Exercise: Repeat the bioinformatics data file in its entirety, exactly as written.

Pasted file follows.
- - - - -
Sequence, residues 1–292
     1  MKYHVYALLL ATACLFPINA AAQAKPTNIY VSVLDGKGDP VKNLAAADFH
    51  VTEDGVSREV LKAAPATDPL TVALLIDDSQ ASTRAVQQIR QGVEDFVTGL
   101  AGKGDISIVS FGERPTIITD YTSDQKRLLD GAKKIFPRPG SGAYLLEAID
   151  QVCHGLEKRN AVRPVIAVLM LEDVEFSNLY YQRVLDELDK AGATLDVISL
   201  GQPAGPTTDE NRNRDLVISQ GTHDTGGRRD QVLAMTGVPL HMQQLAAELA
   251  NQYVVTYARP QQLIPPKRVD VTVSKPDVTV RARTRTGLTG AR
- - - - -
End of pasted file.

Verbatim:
Sequence, residues 1–292
     1  MKYHVYALLL ATACLFPINA AAQAKPTNIY VSVLDGKGDP VKNLAAADFH
    51  VTEDGVSREV LKAAPATDPL TVALLIDDSQ ASTRAVQQIR QGVEDFVTGL
   101  AGKGDISIVS FGERPTIITD YTSDQKRLLD GAKKIFPRPG SGAYLLEAID
   151  QVCHGLEKRN AVRPVIAVLM LEDVEFSNLY YQRVLDELDK AGATLDVISL
   201  GQPAGPTTDE NRNRDLVISQ GTHDTGGRRD QVLAMTGVPL HMQQLAAELA
   251  NQYVVTYARP QQLIPPKRVD VTVSKPDVTV RARTRTGLTG AR